Anyway, Ruth, you say "good on Ms Elias for having the courage to speak up."

Why exactly?

Because the prison system is dysfunctional, and objectively does not work. I've been speaking to a couple of libertarians (not Neocons - actual Libs) over the weekend, and they totally agree with Elijah. We think politicians should be the first ones in jail.

When you have people who call themselves libertarians like the guy at 'crusader rabbit' and Perigo hoping for the murder of one's political opponents (ie Obama) you know libertarianism in NZ has lost its mana.

shari said...

Political assasinations aside, let's bring back the Death Penalty; but only if the entire Justice System is revamped to include degrees of murder and manslaughter.

Justice Elias is merely practising freedom of speech. That she should do so from the bench of the Supreme Court is highly undesirable because the judiciary must always be perceived by the people to be separate and distinct from the Executive.

Are prisons overcrowded? Yes. Does rehabilation work? Maybe. Do prisoners emerge from within the walls more hardened in criminal ways? Yes.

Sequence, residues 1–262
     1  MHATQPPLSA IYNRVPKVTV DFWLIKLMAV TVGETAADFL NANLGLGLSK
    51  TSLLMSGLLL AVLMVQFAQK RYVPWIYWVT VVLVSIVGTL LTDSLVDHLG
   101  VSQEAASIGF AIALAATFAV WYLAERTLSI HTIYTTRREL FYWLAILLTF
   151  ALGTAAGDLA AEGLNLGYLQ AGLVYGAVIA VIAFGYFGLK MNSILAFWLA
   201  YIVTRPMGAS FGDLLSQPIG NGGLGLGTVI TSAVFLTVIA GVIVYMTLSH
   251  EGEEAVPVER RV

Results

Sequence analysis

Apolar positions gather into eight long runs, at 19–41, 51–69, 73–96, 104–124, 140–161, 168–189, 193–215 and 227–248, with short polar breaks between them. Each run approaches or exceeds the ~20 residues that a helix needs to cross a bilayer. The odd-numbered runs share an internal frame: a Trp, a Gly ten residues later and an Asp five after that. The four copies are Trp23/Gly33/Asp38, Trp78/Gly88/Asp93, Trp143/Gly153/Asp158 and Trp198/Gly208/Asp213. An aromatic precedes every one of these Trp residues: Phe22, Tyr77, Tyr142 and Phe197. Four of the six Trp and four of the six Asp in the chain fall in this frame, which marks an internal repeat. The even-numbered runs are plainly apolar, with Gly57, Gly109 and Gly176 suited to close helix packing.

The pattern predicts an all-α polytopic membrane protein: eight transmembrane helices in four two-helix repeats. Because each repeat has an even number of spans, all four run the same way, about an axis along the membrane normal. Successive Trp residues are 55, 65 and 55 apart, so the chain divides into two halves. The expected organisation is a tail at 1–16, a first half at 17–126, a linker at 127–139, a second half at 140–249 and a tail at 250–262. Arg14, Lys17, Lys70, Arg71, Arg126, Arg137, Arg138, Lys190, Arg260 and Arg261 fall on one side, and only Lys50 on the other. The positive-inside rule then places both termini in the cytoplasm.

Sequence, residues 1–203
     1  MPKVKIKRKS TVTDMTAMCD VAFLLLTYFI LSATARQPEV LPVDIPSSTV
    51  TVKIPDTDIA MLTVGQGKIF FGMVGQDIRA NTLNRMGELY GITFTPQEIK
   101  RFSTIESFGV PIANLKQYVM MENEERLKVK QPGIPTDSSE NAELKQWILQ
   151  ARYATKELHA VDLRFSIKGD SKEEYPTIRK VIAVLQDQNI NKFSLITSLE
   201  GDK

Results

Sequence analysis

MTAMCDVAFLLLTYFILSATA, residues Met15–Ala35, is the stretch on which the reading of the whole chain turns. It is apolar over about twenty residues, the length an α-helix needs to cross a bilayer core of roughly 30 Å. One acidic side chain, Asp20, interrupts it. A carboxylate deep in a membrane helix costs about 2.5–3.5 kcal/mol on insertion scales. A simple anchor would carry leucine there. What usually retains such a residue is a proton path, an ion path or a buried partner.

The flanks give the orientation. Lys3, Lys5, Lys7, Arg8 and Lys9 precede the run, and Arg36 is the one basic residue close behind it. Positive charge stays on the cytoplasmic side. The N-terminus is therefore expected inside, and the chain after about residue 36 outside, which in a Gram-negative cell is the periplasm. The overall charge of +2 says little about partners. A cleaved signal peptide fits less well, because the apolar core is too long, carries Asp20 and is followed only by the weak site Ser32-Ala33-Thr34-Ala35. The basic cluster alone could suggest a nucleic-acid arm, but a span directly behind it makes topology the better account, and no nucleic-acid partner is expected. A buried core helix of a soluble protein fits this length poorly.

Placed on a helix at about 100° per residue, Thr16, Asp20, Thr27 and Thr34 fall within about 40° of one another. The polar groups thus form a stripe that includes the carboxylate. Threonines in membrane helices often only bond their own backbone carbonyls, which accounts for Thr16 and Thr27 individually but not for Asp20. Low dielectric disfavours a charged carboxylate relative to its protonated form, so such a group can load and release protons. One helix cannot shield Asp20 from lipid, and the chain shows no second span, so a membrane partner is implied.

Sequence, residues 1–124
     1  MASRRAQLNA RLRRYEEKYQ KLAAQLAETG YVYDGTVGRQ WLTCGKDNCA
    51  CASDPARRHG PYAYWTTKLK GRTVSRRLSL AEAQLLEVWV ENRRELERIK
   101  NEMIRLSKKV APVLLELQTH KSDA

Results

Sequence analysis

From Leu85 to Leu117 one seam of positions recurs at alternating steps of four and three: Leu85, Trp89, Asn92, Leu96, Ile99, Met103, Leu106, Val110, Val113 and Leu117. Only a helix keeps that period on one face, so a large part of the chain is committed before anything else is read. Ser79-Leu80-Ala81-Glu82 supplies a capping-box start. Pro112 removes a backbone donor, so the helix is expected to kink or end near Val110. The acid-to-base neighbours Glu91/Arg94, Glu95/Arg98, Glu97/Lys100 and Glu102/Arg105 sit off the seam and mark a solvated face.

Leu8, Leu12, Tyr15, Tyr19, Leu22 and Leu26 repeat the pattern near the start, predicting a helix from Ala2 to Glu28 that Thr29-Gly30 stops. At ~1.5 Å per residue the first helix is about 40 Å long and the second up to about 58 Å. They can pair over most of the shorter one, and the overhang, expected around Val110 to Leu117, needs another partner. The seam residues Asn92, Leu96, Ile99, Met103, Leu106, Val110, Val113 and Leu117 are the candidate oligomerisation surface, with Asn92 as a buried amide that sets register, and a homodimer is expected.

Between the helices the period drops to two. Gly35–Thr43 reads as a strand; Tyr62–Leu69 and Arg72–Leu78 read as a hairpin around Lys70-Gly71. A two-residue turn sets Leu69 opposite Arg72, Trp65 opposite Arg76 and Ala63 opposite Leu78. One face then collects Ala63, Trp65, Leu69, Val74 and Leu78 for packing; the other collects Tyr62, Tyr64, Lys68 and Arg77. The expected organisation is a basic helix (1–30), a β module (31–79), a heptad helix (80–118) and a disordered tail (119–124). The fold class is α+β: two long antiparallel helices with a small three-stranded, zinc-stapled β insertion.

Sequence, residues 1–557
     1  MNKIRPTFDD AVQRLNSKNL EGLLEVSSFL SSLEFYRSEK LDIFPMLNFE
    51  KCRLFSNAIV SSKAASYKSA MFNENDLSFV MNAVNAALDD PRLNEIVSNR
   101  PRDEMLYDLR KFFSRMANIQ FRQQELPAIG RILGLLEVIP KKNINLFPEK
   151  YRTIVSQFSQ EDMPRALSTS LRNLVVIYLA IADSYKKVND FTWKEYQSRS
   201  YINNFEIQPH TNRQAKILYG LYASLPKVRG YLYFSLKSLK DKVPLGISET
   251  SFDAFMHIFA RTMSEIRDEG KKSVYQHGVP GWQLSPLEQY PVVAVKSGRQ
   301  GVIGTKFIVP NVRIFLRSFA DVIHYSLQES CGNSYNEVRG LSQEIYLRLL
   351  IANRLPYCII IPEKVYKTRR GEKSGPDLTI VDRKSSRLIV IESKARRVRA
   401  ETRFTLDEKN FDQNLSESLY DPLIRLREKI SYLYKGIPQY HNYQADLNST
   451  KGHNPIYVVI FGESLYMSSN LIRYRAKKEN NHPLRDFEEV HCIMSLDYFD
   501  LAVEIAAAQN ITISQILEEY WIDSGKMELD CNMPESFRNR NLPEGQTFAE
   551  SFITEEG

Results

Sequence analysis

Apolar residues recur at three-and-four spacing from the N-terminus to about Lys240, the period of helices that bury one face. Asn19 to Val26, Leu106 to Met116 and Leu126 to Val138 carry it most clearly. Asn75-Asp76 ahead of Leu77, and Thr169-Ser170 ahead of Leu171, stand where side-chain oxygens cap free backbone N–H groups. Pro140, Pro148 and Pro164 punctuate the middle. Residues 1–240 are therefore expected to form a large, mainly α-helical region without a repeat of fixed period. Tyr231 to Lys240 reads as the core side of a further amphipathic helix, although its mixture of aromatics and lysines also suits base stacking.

There are but 2 choices. Build more prisons or reduce sentences/early releases.

Building costs money and space. Not in the budget and not in my backyard takes care of that option.

Reducing sentences is not an option because the law as it stands is not a deterrent to criminal behaviour.

Early releases, while too wide a suggestion, is not an option because there was a reason for the sentences being imposed in the first place.

Is Justice Elias suggesting the sentencing of all the lower courts are flawed?

To use Feynman's analogy, Justice Elias is attempting to resolve the overcrowding of prisons by applying the top-down model.

She forgets she is part of the problem that contributed to the overcrowding of prisons issue.

Are we also part of the problem?

Yes, if we are not taking an interest in educating the minds of our young.

Yes, for allowing many injustices to fall upon this nation without serious protest.

Yes, because Kiwis will never attain sufficient political passion to the point where they are willing to spill blood on the streets.